Ukrainians fear that the horrors in Gaza and Israel are hogging the attention their Western backers. Some suspect that Vladimir Putin and his Iranian allies encouraged the Hamas atrocities precisely to open a second front against the democracies.
As is so often the case with international law and institutions, noble ideals bely a necessarily fractious and often shabby reality.
Hard-nosed politicians and commanders, and their legal departments, might be able to mount coherent defences of the IDF. But that won’t necessarily help them in the propaganda battle.
There is a debate to be had about future engagement with the Islamic Emirate of Afghanistan. It can be had without propagandising for its members and making the fight against them look ridiculous.
It was my fourth visit to the country since Russia tried, but failed, to launch a full-scale invasion in February last year. The strength of my commitment to Ukraine grows with each visit.
Putin has tamed his mercenaries, promoted his allies, deposed perceived weak links in the military command, and is building a praetorian guard to safeguard against future threats.
In the wake of what seems to have been a fraught NATO summit, the Defence Secretary’s words are a reminder that public opinion in key nations is not so strongly behind the war as it is in Britain.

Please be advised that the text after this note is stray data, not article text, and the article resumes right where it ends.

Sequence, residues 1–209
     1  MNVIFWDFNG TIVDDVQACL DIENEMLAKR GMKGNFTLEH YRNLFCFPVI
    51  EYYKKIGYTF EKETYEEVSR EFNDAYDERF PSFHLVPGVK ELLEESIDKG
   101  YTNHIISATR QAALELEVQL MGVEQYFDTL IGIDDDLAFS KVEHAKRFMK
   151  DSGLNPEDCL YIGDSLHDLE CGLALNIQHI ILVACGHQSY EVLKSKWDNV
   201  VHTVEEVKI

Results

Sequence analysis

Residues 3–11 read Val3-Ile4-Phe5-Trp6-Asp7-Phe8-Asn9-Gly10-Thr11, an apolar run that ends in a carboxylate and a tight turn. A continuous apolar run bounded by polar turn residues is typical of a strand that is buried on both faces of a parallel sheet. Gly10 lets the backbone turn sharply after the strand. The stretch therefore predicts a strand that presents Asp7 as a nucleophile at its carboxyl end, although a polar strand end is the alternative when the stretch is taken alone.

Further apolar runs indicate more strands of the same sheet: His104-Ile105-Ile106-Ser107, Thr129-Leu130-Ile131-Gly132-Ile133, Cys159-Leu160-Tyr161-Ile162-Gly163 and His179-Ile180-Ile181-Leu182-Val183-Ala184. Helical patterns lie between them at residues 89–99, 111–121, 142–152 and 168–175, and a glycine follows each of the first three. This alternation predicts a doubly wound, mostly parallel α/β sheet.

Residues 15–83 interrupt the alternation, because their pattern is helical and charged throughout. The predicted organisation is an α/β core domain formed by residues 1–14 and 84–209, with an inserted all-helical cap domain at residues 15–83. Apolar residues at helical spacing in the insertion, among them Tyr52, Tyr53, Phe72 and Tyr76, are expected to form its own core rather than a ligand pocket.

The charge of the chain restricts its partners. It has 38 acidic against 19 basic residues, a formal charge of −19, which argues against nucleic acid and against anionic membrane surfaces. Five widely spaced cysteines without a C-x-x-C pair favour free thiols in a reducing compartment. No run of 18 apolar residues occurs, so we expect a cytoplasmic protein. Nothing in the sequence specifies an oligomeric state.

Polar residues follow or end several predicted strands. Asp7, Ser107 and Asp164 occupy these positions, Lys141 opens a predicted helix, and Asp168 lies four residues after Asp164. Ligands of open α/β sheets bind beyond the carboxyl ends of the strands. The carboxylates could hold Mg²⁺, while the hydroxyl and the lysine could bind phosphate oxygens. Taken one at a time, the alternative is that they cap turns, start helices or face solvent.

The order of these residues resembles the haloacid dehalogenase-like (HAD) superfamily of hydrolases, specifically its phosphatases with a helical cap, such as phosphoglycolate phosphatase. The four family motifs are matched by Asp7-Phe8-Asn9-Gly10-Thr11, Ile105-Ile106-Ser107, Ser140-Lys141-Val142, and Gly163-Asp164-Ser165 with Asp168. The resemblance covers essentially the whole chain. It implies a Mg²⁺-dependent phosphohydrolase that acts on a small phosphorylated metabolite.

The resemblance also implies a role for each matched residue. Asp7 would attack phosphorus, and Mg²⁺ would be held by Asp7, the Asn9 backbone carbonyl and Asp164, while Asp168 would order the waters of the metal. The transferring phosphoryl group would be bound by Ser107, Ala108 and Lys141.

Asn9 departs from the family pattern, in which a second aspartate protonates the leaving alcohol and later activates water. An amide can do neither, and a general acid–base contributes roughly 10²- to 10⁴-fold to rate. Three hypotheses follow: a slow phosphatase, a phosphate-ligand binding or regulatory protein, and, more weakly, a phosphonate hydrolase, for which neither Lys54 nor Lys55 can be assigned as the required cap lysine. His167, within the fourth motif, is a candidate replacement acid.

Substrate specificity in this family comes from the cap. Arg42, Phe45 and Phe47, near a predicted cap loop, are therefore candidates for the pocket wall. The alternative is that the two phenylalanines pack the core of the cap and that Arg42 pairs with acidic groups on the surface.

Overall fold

Around three quarters of all transatlantic cables in the northern hemisphere pass through or near its waters – yet Dublin spends just 0.2 per cent of GDP on defence.
Nearly two-thirds of Britons favour of greater assistance for refugees, such as the Government increasing employment and English language support.
Meanwhile British and American voters both back supporting Kyiv – but differ from the Ukrainians on what that should look like.
The universally hawkish attitude of British elites rests on shaky assumptions about the progress of the war and America’s priorities.
On paper, the UK has large stockpiles of last-generation tanks, infantry fighting vehicles and other materiel explicitly stockpiled to combat Russian aggression in Europe.
The first article in a two-part mini series by the author on ConservativeHome this week.
An alternative, merely defensive strategy plays into Putin’s hands by prolonging the war and easing political pressure on the Kremlin.
As I crossed the border after three days that I will never forget, I felt a mixture of despair, admiration and optimism.